Mars is not the dead world we once thought it was, and these images portray that fact. Stuart Atkinson (not a relative, but a good pal) is part of the UnmannedSpaceflight.com crew, the folks who have created fantastic visual treats from raw images sent back from our space exploring robots. Stu also has his own website, Cumbrian Sky . Today, Stu posted some pictures on his website, along with his story of how he came to create an utterly fantastic image from a rather ordinary-looking picture from the HiRISE camera on the Mars Reconnaisaince Orbiter. After seeing Stu’s handiwork today, I asked him if he wouldn’t mind sharing his story on Universe Today of how he came to make an amazing discovery on Mars. (Click on the image above for a larger version.)
Stu said he found the image above on the “dangerously addictive” Mars Global Data website. The image, of the Aram Chaos region, didn’t look very interesting at first. But then he zoomed in to get a better look at the “slumpy” feature in the middle of the image, and then zoomed in some more. “It looked like a section of the valley wall had come loose and slid down to the lower ground below,” Stu said as he raised a Spock-like eyebrow…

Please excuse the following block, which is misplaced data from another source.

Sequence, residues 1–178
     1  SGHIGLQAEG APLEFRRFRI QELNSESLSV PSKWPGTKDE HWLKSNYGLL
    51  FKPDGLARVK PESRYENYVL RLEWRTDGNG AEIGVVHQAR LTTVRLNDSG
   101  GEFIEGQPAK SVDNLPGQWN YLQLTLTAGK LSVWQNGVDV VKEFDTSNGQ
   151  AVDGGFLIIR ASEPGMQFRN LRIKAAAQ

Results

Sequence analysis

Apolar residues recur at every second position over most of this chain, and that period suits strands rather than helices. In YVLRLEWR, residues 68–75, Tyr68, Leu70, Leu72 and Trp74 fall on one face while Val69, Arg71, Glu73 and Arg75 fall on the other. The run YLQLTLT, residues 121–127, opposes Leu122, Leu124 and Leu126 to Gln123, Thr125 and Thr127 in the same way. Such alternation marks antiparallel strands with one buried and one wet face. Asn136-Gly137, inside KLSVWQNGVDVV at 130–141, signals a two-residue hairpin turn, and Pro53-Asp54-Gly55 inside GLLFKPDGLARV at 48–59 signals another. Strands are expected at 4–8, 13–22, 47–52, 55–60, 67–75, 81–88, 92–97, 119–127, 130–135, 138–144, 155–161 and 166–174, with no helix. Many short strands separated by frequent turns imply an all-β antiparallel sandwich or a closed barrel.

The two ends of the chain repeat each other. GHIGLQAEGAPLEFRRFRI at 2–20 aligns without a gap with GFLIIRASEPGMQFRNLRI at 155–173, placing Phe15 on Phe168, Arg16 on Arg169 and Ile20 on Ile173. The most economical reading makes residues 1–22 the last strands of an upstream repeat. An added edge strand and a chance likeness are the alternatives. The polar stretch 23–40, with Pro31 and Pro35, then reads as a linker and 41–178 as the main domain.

There, he discovered the track of a huge boulder that had “fallen from the valley wall and tumbled down, bouncing and rolling and boinging along for a long, long way.”
Adding color to the image really highlighted the tracks left by the bouncing boulder, and a few other tracks showed up as well, creating an absolutley awesome image and discovery!
“You know what I love about these images?,” Stu wrote on his blog. “They show movement, they show that things are moving on Mars right now. It’s not the dead, lifeless, corpse of a world I grew up with; it’s a world – we now know – where dust devils whirl and twirl across the plains… where clouds drift through the pale pink sky… and where huge stones fall from high cliff face, fall to the ground below, then bounce and roll and crash over it… unseen by anyone.”
Great detective work, Stu! I propose that this region should be named after Stuart Atkinson (at least the boulders, if nothing else!)
Also, check out Stu’s pictoral history of the International Space Station, starting from when it was a wee infant back in 1998 to the great images we’ve seen of the ISS this past week.